Infant Growth after Preterm Birth and Mental Health in Young Adulthood

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Sammallahti , S , Lahti , M , Pyhala , R , Lahti , J , Pesonen , A-K , Heinonen , K , Hovi , P , Eriksson , J G , Strang-Karlsson , S , Jarvenpaa , A-L , Andersson , S , Kajantie , E & Räikkönen , K 2015 , ' Infant Growth after Preterm Birth and Mental Health in Young Adulthood ' , PLoS One , vol. 10 , no. 9 , e0137092 .

Title: Infant Growth after Preterm Birth and Mental Health in Young Adulthood
Author: Sammallahti, Sara; Lahti, Marius; Pyhala, Riikka; Lahti, Jari; Pesonen, Anu-Katriina; Heinonen, Kati; Hovi, Petteri; Eriksson, Johan G.; Strang-Karlsson, Sonja; Jarvenpaa, Anna-Liisa; Andersson, Sture; Kajantie, Eero; Räikkönen, Katri
Contributor organization: Clinicum
Behavioural Sciences
University of Helsinki
Children's Hospital
Johan Eriksson / Principal Investigator
Department of General Practice and Primary Health Care
Lastentautien yksikkö
HUS Children and Adolescents
Developmental Psychology Research Group
Date: 2015-09-01
Language: eng
Number of pages: 13
Belongs to series: PLoS One
ISSN: 1932-6203
Abstract: Objectives Faster growth after preterm birth benefits long-term cognitive functioning. Whether these benefits extend to mental health remains largely unknown. We examined if faster growth in infancy is associated with better self-reported mental health in young adults born preterm at very low birth weight (VLBW) ( Study Design As young adults, participants of the Helsinki Study of Very Low Birth Weight Adults self-reported symptoms of depression and attention deficit/hyperactivity disorder (ADHD) (n = 157) and other psychiatric problems (n = 104). As main predictors of mental health outcomes in linear regression models, we used infant weight, length, and head circumference at birth, term, and 12 months of corrected age, and growth between these time points. Growth data were collected from records and measures at term and at 12 months of corrected age were interpolated. Additionally, we examined the moderating effects of intrauterine growth restriction. Results Size at birth, term, or 12 months of corrected age, or growth between these time points were not associated with mental health outcomes (p-values >0.05). Intrauterine growth restriction did not systematically moderate any associations. Conclusions Despite the high variability in early growth of VLBW infants, the previously described association between slow growth in infancy and poorer cognitive functioning in later life is not reflected in symptoms of depression, ADHD, and other psychiatric problems. This suggests that the development of cognitive and psychiatric problems may have dissimilar critical periods in VLBW infants.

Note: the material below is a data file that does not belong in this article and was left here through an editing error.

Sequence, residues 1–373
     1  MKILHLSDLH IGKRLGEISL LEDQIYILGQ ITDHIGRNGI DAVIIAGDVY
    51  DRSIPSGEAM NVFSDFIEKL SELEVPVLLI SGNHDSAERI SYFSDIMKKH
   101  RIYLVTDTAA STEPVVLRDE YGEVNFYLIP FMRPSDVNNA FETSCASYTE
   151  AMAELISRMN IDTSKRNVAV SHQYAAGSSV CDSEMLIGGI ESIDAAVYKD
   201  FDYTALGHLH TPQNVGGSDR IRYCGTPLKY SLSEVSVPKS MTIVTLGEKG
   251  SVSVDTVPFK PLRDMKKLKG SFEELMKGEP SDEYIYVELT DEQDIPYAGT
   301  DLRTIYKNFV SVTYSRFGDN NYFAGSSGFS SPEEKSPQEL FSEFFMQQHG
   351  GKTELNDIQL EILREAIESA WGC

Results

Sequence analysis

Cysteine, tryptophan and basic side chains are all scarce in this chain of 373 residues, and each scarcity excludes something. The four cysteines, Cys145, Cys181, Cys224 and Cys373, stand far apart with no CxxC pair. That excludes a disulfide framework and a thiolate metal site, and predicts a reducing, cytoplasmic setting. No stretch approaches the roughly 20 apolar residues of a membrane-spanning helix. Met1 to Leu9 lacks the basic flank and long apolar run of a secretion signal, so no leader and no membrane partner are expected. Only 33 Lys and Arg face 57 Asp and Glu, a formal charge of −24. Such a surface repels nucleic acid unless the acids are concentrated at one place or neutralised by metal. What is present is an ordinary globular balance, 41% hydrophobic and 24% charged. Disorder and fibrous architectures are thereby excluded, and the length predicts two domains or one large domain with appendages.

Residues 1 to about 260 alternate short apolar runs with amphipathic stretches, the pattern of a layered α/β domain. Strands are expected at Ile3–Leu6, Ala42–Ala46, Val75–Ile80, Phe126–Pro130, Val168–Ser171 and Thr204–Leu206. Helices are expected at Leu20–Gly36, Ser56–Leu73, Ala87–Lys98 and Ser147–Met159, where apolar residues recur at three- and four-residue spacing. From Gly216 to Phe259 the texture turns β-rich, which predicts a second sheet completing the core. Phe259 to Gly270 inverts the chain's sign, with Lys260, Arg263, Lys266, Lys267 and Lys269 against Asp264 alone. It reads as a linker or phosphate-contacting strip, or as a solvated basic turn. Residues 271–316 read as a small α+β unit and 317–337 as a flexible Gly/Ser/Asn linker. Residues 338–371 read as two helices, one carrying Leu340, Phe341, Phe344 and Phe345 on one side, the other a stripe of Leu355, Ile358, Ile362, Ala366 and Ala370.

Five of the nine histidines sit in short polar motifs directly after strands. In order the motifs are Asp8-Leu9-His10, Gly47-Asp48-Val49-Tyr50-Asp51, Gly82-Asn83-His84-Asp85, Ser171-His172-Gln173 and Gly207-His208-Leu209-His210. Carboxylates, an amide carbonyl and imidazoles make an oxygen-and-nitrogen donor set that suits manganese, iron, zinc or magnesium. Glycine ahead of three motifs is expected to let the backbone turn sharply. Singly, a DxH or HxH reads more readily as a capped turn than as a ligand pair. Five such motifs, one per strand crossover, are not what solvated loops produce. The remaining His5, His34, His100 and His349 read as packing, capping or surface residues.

3123 Gynaecology and paediatrics
3124 Neurology and psychiatry
515 Psychology
Peer reviewed: Yes
Rights: cc_by
Usage restriction: openAccess
Self-archived version: publishedVersion

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